Praise for Ireland says more about the state of Britain
Finn McRedmond: Articles in The Economist and Guardian show our neighbour’s identity crisis
‘While Brexit has cast a looming shadow, coronavirus seems to be the ultimate catalyst driving Britain to this crisis of self-conception.’ Photograph: Simon Dawson/Bloomberg
It’s a rare treat for Ireland to receive protracted – and positive – prominence in the UK press. For years now attacks on “little Ireland’s” “ridiculous leaders”, and its Government’s “suicidal” failures of statesmanship have dominated the right-wing headlines.
But there has been nothing short of a seismic tonal shift the past week: Ireland’s soft power and diplomatic strength is in vogue, as a widely circulated Economist op-ed and Guardian editorial redressed the coverage imbalance.
While the Economist cited Ireland’s “cultural clout”, lack of “imperial baggage” and political “dexterity” as reasons for its newfound status as a “tiny diplomatic superpower”, a Guardian editorial toasted to its “immense” influence in Brussels and “wiser” Covid-19 response, before deftly signing off with a reworked quote from WB Yeats, declaring “an enviable beauty is born”.
Both were certainly flattering to this so-called tiny superpower’s ego. After years of Brexit-induced anathema between the two nations – with both sides of the Irish Sea quick to indulge in lazy pastiches of the other – relations hit a nadir. Recognition, then, from the UK of Ireland as its own nation with its own interests and its own voice on the international stage was long overdue, but welcome all the same. It is perhaps worth asking, however, why now?
There is the obvious answer: a spate of recent high-profile diplomatic success stories have driven Ireland up the news agenda. Phil Hogan’s elevation to the coveted position of trade commissioner in the EU, Ireland’s victory in securing a seat on the UN Security Council, and Paschal Donohue’s successful bid to become president of the Eurogroup, all point towards a small nation punching above its weight in diplomatic terms. The recent election and government formation negotiations probably helped too.
But explaining away Ireland as the topic du jour for these reasons alone misses something more foundational: the United Kingdom is enduring something of an identity crisis. One that has been thrown into sharp relief by – though set in motion long before – Brexit. And one that has been catalysed by the crisis of coronavirus and the increasingly uncertain future of the union.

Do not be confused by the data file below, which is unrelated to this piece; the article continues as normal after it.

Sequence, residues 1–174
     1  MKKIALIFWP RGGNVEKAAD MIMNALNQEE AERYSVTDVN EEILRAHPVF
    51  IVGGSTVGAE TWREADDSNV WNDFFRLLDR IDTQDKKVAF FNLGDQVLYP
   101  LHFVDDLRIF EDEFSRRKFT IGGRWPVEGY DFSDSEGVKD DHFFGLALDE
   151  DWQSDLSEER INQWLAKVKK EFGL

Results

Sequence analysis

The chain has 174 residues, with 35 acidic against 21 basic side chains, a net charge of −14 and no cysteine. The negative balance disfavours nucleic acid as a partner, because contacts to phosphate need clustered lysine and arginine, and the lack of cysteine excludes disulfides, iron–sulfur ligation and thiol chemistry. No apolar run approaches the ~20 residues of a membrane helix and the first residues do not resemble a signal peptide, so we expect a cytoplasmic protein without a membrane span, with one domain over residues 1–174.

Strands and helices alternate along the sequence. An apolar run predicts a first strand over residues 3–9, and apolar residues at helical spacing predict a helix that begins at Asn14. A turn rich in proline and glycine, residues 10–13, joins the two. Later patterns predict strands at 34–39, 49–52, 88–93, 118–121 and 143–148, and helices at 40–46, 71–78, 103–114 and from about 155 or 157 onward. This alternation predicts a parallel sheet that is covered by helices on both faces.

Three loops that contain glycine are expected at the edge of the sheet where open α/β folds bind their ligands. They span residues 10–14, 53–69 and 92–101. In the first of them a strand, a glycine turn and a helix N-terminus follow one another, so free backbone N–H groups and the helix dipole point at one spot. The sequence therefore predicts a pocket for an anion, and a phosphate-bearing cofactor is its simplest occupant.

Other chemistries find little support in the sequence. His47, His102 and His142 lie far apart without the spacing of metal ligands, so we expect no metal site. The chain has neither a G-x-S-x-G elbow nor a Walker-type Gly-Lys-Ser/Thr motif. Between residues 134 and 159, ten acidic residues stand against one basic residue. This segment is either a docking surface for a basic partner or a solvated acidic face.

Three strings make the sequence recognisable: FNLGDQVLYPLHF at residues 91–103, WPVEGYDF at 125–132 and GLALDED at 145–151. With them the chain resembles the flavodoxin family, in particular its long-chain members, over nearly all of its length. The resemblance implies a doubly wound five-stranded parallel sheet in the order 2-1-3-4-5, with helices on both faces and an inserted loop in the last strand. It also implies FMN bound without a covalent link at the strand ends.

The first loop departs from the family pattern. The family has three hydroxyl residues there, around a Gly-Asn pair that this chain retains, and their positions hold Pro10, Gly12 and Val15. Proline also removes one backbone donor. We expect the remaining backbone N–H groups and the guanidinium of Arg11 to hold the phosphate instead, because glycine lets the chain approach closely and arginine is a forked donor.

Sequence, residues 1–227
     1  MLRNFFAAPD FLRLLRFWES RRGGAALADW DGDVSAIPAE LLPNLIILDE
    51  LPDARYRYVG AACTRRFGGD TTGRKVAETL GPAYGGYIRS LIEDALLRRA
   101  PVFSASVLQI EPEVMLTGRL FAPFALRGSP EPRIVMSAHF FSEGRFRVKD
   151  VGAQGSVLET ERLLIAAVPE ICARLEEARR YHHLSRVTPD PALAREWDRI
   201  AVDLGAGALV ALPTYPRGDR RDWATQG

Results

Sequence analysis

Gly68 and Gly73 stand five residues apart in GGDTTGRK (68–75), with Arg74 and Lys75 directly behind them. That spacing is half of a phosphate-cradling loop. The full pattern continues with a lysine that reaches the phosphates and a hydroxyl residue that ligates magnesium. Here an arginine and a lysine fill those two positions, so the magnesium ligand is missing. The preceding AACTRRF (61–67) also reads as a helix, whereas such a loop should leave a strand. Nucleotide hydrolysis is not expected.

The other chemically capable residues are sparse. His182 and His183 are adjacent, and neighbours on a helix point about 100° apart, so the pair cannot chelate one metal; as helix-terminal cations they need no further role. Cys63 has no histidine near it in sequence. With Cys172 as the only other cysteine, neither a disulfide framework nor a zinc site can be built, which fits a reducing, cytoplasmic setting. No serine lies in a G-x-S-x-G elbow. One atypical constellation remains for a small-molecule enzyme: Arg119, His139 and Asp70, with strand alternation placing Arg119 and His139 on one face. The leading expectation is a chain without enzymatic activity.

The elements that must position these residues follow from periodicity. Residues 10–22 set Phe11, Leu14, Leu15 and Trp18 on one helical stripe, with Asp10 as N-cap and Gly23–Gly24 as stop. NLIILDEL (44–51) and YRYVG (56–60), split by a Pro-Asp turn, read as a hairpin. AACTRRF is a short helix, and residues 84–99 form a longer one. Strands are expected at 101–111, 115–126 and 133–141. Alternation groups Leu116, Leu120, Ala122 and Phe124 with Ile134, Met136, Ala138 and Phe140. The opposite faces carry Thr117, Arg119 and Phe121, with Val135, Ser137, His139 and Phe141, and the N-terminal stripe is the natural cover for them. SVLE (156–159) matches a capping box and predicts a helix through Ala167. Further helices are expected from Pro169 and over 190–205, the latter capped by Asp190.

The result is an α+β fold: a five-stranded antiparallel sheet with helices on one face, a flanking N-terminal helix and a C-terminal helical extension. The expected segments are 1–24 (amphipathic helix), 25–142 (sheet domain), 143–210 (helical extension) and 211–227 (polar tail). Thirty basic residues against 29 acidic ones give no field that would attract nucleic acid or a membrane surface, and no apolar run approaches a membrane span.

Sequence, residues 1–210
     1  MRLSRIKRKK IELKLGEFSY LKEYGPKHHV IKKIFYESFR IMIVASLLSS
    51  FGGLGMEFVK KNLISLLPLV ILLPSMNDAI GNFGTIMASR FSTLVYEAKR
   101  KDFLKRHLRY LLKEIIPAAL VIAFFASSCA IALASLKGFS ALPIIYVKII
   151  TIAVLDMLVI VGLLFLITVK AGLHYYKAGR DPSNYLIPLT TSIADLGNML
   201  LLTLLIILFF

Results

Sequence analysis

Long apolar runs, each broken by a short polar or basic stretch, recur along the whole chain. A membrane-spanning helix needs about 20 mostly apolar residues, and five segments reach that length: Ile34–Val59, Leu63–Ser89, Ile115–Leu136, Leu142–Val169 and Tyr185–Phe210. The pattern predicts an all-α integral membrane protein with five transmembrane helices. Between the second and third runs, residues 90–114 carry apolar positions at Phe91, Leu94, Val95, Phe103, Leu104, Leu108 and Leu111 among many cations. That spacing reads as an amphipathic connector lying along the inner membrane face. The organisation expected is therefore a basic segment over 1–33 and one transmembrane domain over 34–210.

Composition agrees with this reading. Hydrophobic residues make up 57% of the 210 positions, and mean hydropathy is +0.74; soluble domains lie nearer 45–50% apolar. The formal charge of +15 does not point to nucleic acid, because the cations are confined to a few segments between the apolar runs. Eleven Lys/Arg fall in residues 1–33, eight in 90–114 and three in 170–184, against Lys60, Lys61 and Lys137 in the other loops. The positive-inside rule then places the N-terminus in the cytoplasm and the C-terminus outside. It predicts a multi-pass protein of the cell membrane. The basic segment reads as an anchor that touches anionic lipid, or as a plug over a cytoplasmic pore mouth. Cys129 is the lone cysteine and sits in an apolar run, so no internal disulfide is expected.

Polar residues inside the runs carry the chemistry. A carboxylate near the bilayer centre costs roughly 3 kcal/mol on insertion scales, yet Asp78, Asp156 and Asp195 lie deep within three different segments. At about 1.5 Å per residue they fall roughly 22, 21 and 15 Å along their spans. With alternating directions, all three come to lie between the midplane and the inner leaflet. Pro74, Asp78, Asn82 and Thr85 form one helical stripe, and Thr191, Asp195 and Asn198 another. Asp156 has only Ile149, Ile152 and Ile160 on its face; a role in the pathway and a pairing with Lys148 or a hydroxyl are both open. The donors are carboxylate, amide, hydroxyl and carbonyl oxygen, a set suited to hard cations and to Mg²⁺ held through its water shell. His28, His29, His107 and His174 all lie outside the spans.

Riven by internecine warfare over its rightful place in the world – is it European? Does it fit better with America? What about the Commonwealth? Is it globalist or does it want to shutter its doors to its European neighbours? – and helmed by a beleaguered prime minister deprived of vision, Britain is looking at its oldest and closest neighbour as it embarks on a path far removed from its own.
A divided nation
This crisis of self is not defined, nor is it caused, by Britain’s long and thorny relationship with Ireland. But Ireland’s increasing psychological distance from its former master is symbolic of the stasis that has taken hold.
Brexit – though far from resolved – revealed the full scale of the argument Britain has been having with itself. It left the nation utterly divided and still without reconciliation. That the UK was never entirely comfortable with its European Union membership – failing to embrace a Europeanised shift in power that amplified the voices of Ireland and other smaller nations – is a long observed fact. But that it is unsure about what Brexit Britain really means is equally true: is it about free trade? A means of border control? Is its value in creating a low-tax, low regulation zone? Or is it akin to Jacob Rees-Mogg’s lofty gestures to Britannia unchained?
Despite going through a process of self-interrogation, Great Britain is still deserving of its 'great' moniker
The depth and scale of this discomfort are no more patent in the symbols it created to illustrate its divorce from the bloc, and what was supposed to be the UK’s dawning golden age: a newly-minted Brexit coin; Johnson’s facetious union bridge from Scotland to Northern Ireland; Big Ben’s bongs on Brexit eve. Hardly the tricolour of the French republic; rather paltry totems of an utterly confused revolution.
But while Brexit has cast a looming shadow, coronavirus seems to be the ultimate catalyst driving Britain to this crisis of self-conception; seeing Ireland take its cues not from London, as once was the norm, but rather from the World Health Organisation and the European Union. It took the pandemic to reveal something that has long been obvious, but long ignored: Ireland is now more European than it is British.
Though Ireland should be wary of hubris: it has a litany of problems and faces impending storms over taxation reform, an economic crisis heralded by coronavirus, and a new Government that has yet to instil confidence. And despite going through a process of self-interrogation, Great Britain is still deserving of its “great” moniker. The reinvigoration of the Labour Party under Keir Starmer, and the heroic efforts of Chancellor Rishi Sunak are enough to restore faith. Nor should we gloss over Oxford University’s promising steps towards a vaccine.
But gestures from the British press now towards Ireland’s “enviable” political culture and diplomatic prowess are evidence of a country going through a psychological process that Ireland has been going through for years: Britain’s global primacy is a feature of ancient history, and thanks to the European Union, Ireland’s future is no longer tied to its oldest and closest neighbour. Rather both nations are charting their own course, bound by shared culture and history but distinct in direction of travel.